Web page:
Travel by Bus from Ayacucho to Pisco
The road journey from Ayacucho to Pisco is pleasant and relaxing. At redBus, we work with different bus companies that operate on this route with well-maintained buses and experienced drivers. Although the travel time varies from one bus operator to another because of traffic and climatic conditions, our continuous availability of bus services between Ayacucho and Pisco reduces uncertainty and offers convenience for travelers.
Why book a Ayacucho to Pisco bus with redBus?
You can also time-to-time redBus offers while booking your bus tickets online from Ayacucho to Pisco. Follow a simple, fast and secure bus booking procedure. This helps save time and also helps to create a joyful travel experience!
There is evidence that Ayacucho was a populated settlement more than 20,000 years ago B.C., because there are archaeological remains to certify it. Thousands of years later other human groups established in the area, setting the bases of the coming cultures. On the 6th and 7th centuries the culture wari appeared, founding its capital and control center in Ayacucho. In this region, the Huari - Tiahuanaco culture would exercise its power, being Ayacucho its sanctuary, during the period from 900 to 1200 A.D. With the incas arrival, the Ayacucho conquest meant the extinction of the other cultures, consolidating the city as part of the incas Empire, and establishing an administrative center in Vilcashuaman. After the Spanish arrival, in 1539 Francisco Pizarro founded the city of Ayacucho as part of a militay strategy, to eradicate the rebel incas from the closest areas. Ayacucho became a very important city, commercially and culturally. During the colonial period, Ayacucho developped a growing textile industry. It was also one of the most important cities during the viceroyalty, for being the archbishopric see and for having his own university. On December the 9th 1824, it took place the Ayacucho battle, a crucial event on the Independence process of Peru. Recently, on the 80s, Ayacucho was hardly hit by the terrorism of Sendero Luminoso, a terrorist group leaded by Abimael Guzmán. Nowadays, Ayacucho shines with a confident light, as a city of great religious fervor and cultural tourism, leaving behind the shadows of a sad decade that we hope will never be recured.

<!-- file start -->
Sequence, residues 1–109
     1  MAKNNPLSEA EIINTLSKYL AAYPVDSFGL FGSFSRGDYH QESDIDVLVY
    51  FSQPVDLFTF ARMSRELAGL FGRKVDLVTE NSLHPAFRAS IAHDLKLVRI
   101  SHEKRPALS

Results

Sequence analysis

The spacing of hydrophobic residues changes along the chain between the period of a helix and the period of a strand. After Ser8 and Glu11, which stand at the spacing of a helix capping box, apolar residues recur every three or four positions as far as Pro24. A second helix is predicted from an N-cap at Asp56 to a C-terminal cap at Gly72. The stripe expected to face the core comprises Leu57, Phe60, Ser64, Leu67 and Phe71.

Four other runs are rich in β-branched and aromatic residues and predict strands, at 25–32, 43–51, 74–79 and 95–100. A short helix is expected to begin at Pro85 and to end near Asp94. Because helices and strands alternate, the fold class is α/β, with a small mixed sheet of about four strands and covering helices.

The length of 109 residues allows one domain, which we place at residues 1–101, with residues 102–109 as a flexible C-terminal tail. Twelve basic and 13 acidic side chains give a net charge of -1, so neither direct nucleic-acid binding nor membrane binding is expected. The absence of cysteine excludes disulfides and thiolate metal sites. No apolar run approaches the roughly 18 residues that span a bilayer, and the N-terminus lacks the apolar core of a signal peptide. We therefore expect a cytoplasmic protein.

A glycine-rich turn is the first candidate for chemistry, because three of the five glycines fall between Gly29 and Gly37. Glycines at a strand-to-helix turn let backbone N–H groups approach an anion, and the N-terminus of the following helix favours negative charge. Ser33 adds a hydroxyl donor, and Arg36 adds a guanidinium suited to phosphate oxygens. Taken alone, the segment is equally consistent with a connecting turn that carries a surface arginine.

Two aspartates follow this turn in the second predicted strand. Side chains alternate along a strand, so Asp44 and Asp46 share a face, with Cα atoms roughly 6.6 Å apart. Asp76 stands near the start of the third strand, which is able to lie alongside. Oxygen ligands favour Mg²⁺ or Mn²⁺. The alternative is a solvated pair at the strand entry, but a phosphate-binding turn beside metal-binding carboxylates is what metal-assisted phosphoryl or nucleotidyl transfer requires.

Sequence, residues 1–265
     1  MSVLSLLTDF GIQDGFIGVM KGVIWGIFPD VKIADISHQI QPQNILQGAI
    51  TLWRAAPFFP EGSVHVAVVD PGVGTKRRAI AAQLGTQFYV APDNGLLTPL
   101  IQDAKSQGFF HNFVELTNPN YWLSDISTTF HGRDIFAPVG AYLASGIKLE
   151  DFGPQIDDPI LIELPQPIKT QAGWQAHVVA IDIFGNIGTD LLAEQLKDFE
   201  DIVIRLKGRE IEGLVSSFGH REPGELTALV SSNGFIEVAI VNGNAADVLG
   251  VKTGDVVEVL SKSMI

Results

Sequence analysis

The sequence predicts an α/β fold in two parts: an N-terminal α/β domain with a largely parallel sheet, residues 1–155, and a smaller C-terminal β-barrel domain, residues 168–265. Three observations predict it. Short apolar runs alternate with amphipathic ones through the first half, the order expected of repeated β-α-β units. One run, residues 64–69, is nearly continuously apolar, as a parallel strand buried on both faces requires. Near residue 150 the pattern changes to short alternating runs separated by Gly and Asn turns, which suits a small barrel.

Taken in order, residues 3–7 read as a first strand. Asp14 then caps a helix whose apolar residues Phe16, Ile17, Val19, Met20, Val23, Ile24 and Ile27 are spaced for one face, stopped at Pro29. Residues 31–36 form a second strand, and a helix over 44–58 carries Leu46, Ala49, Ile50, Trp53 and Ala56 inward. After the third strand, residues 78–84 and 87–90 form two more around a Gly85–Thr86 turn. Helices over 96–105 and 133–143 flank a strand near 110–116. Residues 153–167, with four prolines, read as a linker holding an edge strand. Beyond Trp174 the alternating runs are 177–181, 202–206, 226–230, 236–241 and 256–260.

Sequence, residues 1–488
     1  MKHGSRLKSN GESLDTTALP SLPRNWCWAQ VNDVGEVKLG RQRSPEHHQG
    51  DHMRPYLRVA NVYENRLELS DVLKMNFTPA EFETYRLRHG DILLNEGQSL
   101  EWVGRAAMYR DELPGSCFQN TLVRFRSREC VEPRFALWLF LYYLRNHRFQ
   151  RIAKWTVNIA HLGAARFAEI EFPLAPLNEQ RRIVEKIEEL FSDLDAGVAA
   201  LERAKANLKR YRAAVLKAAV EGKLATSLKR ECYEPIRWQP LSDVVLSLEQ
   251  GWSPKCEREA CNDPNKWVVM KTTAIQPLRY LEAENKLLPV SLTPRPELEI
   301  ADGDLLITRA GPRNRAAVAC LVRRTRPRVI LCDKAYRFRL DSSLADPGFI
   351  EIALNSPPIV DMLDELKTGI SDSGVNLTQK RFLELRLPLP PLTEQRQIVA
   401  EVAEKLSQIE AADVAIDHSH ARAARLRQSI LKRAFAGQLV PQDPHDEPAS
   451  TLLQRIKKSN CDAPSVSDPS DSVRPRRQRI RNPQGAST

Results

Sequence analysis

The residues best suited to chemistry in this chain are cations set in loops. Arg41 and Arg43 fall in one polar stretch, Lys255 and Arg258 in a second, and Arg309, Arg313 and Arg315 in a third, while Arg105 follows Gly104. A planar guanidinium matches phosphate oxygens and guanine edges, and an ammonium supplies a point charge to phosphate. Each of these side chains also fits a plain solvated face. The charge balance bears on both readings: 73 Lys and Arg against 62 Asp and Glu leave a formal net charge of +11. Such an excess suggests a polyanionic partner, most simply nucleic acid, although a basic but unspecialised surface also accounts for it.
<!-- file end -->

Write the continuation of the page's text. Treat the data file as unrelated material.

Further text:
The territory of Pisco was the place where the main pre-Hispanic cultures were settled, from 1000 B.C., and so it’s one of the richest and most abundant provinces in archaeological remains. The cultures that stand out are Paracas and Nazca, both maximum examples of the pre-Hispanic textile and ceramic arts, respectively. During the colonial period was founded the city of Pisco as Villa de San Clemente de Mancera, altough its settlers used to call the city Villa de Pisco. The meaning of Pisco is bird in quechua. This flourishing port villa suffered the attacks of the most well-known pirates of that period, besides natural catastrophes that forced the city to move to the current place, at the south of the Pisco river mouth. This is how in 1689 the city would be again founded, but this time, under the name of Villa de Nuestra Senora de la Concordia de Pisco.In the last years of the colonial period, near the Independence of Peru, Jose de San Martin arrived to Pisco. He disembarked in the Paracas bay, place where the first flag of Peru was created. For that reason among others in 1832 Pisco was declared Villa and Port of the Independence. However, it was in 1898 that the villa obtained the title of city, transforming into the capital of the province. Nowadays the city preserves its fame and prestige as port and agricultural city, besides its rooted winemaking tradition that go beyond borders.